April 18. 2024. 12:22

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Dutch opposition slams government handling of nitrogen crisis


Opposition forces in parliament were united in criticising the government for its lacklustre and uncertain approach towards the nitrogen crisis during a parliamentary debate about the results of the recent regional elections on Wednesday.

The elections, which took place on 15 March, saw the BoerBurgerBeweging (BBB), a relatively young agrarian interest party, perform historically well and gain the most votes of any single party. The party had initially made a name for itself by opposing the government’s nitrogen policy and gaining the support of farmers and agrarian interest groups.

“Nitrogen is a symbol of everything that is not going right in this country”, BBB leader Caroline van der Plas stated during the debate, listing a number of crises the government had gone through in the past few years.

‘Fix it, or get out!’ she demanded.

Before the debate, the leaders of the opposition had convened in order to present a united front. Accordingly, harsh criticism was directed towards the governing parties.

“The coalition can exacerbate rather than solve every problem,” Labour Party (PvdA) leader Attje Kuiken said. “It makes me chagrined. This country needs a cabinet with decisiveness.”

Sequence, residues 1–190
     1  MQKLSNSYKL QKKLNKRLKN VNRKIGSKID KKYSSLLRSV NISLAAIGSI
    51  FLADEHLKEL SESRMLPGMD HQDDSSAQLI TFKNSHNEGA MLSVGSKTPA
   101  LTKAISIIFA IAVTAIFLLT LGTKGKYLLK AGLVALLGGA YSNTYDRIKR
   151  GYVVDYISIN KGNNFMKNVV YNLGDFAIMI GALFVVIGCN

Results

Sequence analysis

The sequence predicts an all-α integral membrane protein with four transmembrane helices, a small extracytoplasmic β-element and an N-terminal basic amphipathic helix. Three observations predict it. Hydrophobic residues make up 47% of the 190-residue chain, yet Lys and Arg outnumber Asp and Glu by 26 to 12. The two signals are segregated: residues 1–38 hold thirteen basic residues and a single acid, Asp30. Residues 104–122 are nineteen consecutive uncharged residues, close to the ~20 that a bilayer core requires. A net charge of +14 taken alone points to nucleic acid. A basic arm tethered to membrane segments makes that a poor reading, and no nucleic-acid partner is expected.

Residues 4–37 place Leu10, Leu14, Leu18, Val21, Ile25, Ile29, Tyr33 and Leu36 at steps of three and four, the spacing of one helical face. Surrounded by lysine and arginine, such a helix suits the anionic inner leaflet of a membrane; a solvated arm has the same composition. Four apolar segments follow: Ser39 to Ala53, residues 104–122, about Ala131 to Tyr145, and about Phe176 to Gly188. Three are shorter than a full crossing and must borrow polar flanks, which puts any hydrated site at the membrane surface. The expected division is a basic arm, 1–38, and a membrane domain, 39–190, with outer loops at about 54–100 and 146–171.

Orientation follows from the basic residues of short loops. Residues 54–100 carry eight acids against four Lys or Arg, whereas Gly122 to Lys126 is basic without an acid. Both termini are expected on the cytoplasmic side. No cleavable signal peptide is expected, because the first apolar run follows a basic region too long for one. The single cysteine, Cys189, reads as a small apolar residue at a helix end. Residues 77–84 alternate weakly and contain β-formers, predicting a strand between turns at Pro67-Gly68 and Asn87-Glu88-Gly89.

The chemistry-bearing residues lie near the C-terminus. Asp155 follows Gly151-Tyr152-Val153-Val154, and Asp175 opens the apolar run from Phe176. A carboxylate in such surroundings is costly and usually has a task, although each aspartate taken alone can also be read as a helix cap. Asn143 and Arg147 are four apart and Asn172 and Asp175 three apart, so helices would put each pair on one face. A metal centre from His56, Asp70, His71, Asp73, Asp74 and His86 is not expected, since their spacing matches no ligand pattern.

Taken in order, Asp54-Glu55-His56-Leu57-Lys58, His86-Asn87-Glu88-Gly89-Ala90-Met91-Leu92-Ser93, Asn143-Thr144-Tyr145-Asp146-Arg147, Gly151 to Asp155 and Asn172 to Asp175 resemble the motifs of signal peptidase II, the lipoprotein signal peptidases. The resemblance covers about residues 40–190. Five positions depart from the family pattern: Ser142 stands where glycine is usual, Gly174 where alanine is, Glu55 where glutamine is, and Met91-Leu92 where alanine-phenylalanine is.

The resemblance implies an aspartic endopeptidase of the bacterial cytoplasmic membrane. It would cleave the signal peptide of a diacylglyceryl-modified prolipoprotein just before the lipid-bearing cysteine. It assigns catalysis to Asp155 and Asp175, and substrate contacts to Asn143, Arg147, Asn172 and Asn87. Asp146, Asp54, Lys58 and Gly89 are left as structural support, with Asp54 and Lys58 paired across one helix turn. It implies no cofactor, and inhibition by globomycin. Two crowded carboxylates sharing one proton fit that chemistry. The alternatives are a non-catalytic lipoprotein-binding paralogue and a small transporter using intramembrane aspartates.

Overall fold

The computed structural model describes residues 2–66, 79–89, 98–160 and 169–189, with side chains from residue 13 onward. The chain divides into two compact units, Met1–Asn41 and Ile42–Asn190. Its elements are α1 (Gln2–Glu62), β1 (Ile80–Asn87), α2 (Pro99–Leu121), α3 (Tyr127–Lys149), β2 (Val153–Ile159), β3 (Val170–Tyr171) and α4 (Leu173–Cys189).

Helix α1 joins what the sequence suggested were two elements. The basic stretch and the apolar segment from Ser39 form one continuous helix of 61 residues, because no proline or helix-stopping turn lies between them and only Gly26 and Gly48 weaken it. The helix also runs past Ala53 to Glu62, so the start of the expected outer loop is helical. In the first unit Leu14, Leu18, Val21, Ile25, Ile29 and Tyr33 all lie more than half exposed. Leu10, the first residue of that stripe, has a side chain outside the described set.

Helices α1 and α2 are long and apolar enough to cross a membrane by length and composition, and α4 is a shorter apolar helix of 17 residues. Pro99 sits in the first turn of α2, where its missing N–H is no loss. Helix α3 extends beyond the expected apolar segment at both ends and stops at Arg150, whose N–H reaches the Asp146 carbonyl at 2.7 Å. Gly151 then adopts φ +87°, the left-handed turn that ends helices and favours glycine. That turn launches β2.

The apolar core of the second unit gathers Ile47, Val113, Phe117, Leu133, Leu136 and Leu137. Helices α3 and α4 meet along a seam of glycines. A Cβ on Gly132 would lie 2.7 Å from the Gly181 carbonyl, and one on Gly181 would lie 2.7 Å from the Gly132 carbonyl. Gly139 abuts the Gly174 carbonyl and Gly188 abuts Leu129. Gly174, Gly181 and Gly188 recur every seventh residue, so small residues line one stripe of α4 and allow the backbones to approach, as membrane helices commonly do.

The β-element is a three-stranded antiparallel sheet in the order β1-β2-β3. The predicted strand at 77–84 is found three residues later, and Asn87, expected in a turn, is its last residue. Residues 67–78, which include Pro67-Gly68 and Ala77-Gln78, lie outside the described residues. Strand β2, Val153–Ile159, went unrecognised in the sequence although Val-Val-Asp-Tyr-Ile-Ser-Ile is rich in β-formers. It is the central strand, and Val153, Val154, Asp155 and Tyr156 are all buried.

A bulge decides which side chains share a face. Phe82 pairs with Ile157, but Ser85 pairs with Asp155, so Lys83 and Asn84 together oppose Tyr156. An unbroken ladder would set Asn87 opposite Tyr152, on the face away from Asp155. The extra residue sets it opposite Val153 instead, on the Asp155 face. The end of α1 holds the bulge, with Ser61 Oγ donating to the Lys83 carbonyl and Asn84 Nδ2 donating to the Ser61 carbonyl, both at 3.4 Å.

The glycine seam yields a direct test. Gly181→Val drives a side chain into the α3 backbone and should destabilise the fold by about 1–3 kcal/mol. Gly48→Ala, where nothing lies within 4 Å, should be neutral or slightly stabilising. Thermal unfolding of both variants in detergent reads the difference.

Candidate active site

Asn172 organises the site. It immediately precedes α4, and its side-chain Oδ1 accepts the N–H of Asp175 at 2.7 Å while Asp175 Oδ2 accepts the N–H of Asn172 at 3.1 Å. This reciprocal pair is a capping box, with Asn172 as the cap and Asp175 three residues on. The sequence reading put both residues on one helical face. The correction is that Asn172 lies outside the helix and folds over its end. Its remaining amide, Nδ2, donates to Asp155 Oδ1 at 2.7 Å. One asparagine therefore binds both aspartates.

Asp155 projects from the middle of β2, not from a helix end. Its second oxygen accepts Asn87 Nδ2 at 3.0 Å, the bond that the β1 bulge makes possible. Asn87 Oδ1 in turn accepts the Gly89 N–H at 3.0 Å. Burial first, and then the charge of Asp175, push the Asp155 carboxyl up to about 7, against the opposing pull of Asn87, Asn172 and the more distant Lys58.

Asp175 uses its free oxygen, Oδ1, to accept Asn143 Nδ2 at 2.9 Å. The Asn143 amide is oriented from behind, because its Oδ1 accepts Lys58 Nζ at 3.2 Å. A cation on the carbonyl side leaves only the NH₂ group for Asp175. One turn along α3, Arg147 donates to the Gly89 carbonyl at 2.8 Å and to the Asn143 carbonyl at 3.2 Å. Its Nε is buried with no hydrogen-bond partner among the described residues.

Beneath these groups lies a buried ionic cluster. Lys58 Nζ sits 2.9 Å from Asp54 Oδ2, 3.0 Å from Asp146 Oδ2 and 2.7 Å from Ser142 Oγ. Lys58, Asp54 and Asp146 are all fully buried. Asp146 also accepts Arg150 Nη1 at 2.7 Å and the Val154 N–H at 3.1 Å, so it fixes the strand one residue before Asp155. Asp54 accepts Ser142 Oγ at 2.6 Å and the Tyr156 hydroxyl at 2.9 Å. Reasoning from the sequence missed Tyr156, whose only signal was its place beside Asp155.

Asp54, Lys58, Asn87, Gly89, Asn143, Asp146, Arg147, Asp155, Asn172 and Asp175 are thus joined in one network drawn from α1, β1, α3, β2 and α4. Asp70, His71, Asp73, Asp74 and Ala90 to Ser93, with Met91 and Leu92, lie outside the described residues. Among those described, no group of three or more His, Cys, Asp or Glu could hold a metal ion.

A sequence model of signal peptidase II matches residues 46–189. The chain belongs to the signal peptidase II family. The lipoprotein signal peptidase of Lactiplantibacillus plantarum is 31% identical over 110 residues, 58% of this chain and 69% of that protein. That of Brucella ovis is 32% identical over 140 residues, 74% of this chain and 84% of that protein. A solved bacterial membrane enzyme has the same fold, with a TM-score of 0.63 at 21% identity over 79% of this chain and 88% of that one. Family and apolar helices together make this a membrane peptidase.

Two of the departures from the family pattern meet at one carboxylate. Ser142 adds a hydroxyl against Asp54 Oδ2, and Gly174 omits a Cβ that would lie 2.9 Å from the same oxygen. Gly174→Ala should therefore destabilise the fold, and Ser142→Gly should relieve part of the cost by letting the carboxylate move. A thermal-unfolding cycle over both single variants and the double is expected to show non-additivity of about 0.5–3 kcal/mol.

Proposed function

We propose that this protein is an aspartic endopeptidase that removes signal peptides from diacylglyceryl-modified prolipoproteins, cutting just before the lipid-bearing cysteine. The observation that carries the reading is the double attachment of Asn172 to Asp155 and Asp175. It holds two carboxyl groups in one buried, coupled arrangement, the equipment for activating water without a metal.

The debate became even more intense after a cabinet press conference from last week, where, contrary to prior remarks stating that the nitrogen issue would be put on hold for the time being, Prime Minister Mark Rutte (VVD) said that measures would be accelerated.

“So what is it? Will the policy be paused, accelerated or remain the same? Give clarity!” Jesse Klaver, head of the Green party (GroenLinks), said.

Just a few hours before the debate, the Council of State, a constitutional advisory body, had ruled that the government may disregard nitrogen pollution that comes down more than 25 kilometres from its source when handing out construction or agricultural permits, much to the chagrin of environmental organisations.

The nitrogen crisis, which has been ongoing since 2019, has severely impeded the Dutch government’s ability to advance direly needed housing construction and has also angered farmers and agricultural associations, as many fear that the government’s plans to reduce nitrogen emissions by 50% by 2030 (compared to 2019) endangers their livelihood.

The deadline of 2030 has caused a rift within the governing coalition, as the Christian-democratic Party (CDA) has recently stated that it would accept pushing the date back.

(Benedikt Stöckl | EURACTIV.com)